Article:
The magical 8 hours. Elusive for some - impossible for others. We all know how badly we feel when we don’t get enough sleep or wake up multiple times during the night.
Sleep recharges our brains and helps reset our hunger hormones for the next day (yes, that’s right, getting enough sleep can help you feel less hungry). It’s also imperative for my athletes and people who exercise regularly - sleep is your best biohack when it comes to recovery!
Duration is important but quality is equally so. Getting to sleep, being able to stay asleep, and waking feeling well rested can feel super challenging depending on what’s going on in your day to day.
These are 5 tips to improve sleep quality no matter how many hours you find yourself getting lately.
Keep your bedroom cool. Try dropping the thermostat down (if possible) before crawling into bed. Cooler temps will help your body and brain get to sleep faster and stay asleep longer. Another detail to consider is your bedding and pillow - cooler, easier to breath fabrics like cotton may be more conducive to keeping temps down while you snooze.
Dim the lights. Bright lights trick our brains into thinking it’s time to be awake. Try dimming the lights around your house as you go about your evening routine, wear blue-blocking glasses after the sun goes down and try to eliminate screen time 30-60min before bed. Darkness triggers the release of melatonin, an important hormone for quality sleep. Black-out curtains in your bedroom or using a sleep mask can also be really helpful.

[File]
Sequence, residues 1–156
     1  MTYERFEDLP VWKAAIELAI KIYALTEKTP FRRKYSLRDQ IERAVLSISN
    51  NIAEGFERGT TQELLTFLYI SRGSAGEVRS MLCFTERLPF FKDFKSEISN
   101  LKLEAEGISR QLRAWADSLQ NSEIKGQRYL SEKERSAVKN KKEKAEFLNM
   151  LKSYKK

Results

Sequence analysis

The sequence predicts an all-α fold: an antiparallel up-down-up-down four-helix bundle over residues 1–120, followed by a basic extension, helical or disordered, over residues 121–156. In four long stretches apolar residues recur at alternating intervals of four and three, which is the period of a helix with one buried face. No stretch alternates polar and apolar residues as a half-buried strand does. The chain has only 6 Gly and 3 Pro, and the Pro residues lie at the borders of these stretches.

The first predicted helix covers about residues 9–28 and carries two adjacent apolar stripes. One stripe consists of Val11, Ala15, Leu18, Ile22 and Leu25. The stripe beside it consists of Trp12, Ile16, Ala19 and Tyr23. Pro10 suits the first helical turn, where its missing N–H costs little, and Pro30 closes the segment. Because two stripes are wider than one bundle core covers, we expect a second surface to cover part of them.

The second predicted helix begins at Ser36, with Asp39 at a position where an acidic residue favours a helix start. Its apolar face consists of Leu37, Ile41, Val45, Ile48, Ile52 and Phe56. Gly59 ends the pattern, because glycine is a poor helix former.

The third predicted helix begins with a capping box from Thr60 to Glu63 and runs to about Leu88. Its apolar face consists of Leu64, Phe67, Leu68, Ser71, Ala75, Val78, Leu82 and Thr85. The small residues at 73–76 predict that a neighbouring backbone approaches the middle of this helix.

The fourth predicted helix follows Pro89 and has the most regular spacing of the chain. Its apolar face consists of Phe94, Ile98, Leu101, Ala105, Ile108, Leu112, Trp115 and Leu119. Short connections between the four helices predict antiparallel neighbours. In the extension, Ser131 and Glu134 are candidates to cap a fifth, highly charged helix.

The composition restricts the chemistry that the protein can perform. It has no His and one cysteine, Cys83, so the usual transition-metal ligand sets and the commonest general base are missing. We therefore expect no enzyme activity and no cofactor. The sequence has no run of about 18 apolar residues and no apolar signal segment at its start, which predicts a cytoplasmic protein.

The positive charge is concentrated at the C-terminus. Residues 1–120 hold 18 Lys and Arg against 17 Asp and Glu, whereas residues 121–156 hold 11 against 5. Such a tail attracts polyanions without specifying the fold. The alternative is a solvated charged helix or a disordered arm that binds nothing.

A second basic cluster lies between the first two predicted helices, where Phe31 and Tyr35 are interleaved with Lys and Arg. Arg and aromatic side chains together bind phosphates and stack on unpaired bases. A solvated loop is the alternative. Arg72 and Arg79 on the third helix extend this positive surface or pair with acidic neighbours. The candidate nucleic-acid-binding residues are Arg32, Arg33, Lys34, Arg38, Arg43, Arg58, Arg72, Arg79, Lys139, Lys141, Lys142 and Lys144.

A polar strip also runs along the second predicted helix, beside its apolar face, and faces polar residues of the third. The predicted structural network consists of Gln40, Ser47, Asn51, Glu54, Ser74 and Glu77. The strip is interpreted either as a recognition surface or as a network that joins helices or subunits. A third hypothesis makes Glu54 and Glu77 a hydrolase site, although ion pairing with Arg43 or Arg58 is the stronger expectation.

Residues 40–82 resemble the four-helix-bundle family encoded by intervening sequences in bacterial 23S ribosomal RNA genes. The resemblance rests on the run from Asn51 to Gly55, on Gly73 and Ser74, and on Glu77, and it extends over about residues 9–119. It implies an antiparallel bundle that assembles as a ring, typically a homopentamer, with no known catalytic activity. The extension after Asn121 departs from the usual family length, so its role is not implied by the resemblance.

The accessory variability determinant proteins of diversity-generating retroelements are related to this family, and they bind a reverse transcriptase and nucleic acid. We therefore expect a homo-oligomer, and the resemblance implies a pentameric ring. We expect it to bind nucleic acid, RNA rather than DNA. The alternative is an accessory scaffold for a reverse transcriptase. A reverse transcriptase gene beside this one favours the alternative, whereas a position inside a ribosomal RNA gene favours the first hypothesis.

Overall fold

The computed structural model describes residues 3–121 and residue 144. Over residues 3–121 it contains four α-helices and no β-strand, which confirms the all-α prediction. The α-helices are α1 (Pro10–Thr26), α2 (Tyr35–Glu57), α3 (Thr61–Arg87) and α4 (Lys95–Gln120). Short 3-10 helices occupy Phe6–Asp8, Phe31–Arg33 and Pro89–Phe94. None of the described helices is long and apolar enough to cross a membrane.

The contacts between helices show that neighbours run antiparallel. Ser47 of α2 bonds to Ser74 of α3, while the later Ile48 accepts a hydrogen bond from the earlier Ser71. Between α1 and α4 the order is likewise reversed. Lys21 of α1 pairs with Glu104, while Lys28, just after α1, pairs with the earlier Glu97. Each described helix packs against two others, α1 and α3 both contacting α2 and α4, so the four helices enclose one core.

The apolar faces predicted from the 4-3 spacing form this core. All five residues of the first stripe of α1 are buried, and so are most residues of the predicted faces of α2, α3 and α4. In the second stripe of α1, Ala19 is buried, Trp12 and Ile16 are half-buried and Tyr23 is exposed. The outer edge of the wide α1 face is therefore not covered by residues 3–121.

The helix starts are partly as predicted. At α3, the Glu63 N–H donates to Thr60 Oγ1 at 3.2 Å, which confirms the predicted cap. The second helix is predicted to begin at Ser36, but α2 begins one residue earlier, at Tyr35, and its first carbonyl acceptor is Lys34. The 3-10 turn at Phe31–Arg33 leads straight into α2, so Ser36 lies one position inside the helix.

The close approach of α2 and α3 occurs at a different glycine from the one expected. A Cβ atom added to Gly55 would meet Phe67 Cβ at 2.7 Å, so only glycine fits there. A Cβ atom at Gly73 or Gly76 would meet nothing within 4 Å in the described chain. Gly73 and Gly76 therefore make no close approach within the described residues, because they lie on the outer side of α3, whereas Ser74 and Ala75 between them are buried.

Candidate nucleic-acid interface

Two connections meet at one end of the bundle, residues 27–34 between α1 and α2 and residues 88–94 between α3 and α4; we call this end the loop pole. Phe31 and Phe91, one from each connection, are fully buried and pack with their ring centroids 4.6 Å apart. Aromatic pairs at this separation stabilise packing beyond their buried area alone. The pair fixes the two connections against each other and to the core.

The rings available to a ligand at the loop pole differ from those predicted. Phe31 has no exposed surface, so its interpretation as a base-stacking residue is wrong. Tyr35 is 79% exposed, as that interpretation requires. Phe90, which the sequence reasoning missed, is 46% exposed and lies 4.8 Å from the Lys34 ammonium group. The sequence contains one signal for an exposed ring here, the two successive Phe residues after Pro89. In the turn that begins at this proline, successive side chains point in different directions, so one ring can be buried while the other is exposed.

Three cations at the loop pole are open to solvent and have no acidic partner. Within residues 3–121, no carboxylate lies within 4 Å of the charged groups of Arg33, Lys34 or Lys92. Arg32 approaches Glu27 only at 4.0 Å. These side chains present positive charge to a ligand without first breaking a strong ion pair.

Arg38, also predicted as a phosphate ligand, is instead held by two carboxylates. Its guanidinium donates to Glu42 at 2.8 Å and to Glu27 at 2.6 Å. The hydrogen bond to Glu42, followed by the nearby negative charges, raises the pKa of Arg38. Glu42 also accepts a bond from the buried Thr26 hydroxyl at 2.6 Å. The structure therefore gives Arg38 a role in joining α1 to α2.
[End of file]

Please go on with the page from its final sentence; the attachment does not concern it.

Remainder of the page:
Cut down the caffeine and alcohol. Caffeine has a half-life of approximately 6 hours. That means your afternoon cup of joe may actually be preventing you from getting the quality sleep you need. Try replacing it with a balanced snack, decaf, or sparkling water. Alcohol disregulates blood sugar and can negatively impact REM cycles. You may be able to fall asleep faster after a few glasses of wine but you’re probably not getting into your deeper stages of sleep, which can leave you feeling groggy and not well-rested.
Get into a routine. Your body learns to follow a natural sleep/wake cycle. You can help promote healthy sleep cycles by getting to bed and waking around the same time every day. Creating a routine around bedtime is important! This also means if you’re trying to go to bed earlier, it’s best to move your bedtime up in 30min intervals. Getting into bed 2 hours before your normal bedtime will just leave you feeling awake and frustrated.
Read instead of scroll before bed. Shut down your electronics 30-60min before bed. I know this is a tough one but TRUST ME. This is one of the habits that will make the biggest impact on your sleep quality. Backlit screens stimulate the hormone that tells our brain to be ‘awake’. Try wearing your blue-blocking glasses as soon as the sun sets and pick up a real book (not a e-book, sorry), magazine, or audiobook to read or listen to before bed instead of scrolling or answering emails. You’ll thank me later!
Granted, getting 7-9 hours of good quality sleep may not be possible for everyone. I’m looking at you shift workers, caretakers of tiny humans and/or elderly. You may be in a chapter of your life where sleep feels elusive and that’s ok.
Please also keep in mind, these tips may not apply to anyone with a sleeping disorder such as insomnia or sleep apnea. However, if you’re someone who’s been meaning to work on your sleep hygiene and you’ve been dragging your feet - try implementing a few of these tips at a time and see how they make you feel.
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